June 2021 Monthly Meditation – Father Francis Sariego, OFM Cap

St. Katherine Drexel Regional Fraternity 

Regional Spiritual Assistant 

St. Francis of Assisi Friary 

1901 Prior Road 

Wilmington, Delaware 19809 

tel: (302) 798-1454      fax: (302) 798-3360      website:  skdsfo    email: pppgusa@gmail.com 

June 2021 

Dear Sisters and Brothers in St. Francis, 

The Lord give you his peace! 

St. Francis of Assisi had a deep love and reverence for the Most Blessed Sacrament, and concern for the proper respectful reservation and handling of the Sacrament of the Body and Blood of the Lord. Writing his Testament, he made it a point to speak of the reverence and adoring posture he had when he passed any church: And the Lord gave me such faith in churches that I would pray with simplicity in this way and say: > We adore You, Lord Jesus Christ, in all Your churches throughout the whole world and we bless You because by Your holy cross You have redeemed the world – (Testament).   

He encouraged the clergy – of whose group he was as an ordained deacon – to consider the Body and Blood of Christ that they handle and offer.  His concern was that the Eucharist be celebrated and received worthily, and be kept with dignity in appropriate places: Let us all, clergymen, consider the great sin and the ignorance some have toward the most holy Body and Blood of our Lord Jesus Christ and His most holy names and written words that consecrate His Body.  We know it cannot be His Body without first being consecrated by word.  For we have seen nothing bodily of the Most High in this world except His Body and Blood, His names and words through which we have been made and redeemed from death to life. (Exhortation to the Clergy).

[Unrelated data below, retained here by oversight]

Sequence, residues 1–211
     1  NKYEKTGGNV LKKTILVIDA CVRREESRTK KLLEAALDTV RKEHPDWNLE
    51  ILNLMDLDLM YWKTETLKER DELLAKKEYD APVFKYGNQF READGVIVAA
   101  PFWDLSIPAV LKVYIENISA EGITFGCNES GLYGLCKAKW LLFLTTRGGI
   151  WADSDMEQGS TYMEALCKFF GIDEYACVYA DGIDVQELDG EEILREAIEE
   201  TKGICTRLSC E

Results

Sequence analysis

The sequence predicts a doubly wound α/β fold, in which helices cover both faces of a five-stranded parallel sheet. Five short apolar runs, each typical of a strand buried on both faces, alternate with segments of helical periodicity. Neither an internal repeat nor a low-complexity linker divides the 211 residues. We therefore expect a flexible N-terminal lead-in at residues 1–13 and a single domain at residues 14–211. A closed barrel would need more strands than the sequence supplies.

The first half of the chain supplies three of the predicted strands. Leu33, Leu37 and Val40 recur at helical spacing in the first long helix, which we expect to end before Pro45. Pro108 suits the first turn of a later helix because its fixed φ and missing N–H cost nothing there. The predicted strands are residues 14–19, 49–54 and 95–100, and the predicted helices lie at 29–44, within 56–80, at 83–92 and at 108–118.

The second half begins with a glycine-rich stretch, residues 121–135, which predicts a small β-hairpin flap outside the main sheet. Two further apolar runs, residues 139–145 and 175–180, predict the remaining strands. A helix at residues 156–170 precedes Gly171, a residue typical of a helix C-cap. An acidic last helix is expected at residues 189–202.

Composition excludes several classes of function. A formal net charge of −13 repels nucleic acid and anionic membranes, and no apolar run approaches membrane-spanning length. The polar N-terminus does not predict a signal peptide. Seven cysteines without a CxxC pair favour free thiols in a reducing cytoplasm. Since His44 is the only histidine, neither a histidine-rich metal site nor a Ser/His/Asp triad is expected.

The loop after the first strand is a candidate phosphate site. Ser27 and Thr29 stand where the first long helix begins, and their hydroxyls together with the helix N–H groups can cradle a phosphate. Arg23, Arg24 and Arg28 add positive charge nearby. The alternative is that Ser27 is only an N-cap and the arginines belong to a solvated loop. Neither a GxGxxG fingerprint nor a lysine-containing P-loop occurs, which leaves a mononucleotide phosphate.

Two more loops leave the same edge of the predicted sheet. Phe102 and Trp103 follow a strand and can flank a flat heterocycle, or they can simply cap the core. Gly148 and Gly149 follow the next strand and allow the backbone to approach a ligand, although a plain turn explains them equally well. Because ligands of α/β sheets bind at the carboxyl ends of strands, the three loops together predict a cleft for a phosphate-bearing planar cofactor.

Admonishing the friars responsible for the various fraternities of the brethren Francis wrote: I beg you, when it is fitting and you judge it expedient, you humbly beg the clergy to revere above all else the most holy Body and Blood of our Lord Jesus Christ and His holy names and the written words that sanctify His Body. They should hold as precious the chalices, corporals, appointments of the altar, and everything that pertains to the sacrifice … Let it be carried about with great reverence and administered to others with discernment (Letter to the Custodians).  We must, of course, confess all our sins to a priest and receive the Body and Blood of our Lord Jesus Christ from him … But let him eat and drink worthily because anyone who receives unworthily, not distinguishing, that is, not discerning, the Body of the Lord, eats and drinks judgment on himself (Letter to all the Faithful, 2nd Version).  

Saint Francis of Assisi was a totally Eucharistic soul whose love for the Eucharist led him to revere all priests, even those whose lives were not as exemplary as they should have been. They give us spirit and life (John 6: 63) through the sacraments they offer and the Word they proclaim. All the faithful have a share in this marvelous gift of the priesthood through their baptism and attentive participation in the celebration of the Eucharist.   

The immediacy with which the celebration of the Eucharist ends after the faithful have received the Body and Blood of Christ and shared in their Holy Communion seems as though the faithful are given a quick ‘good-bye’ with no ‘follow up’ or ‘follow through’. Nothing of the sort!  The Dismissal is a capsulized and intensely packed moment that carries with it an extraordinary responsibility and an awesome power.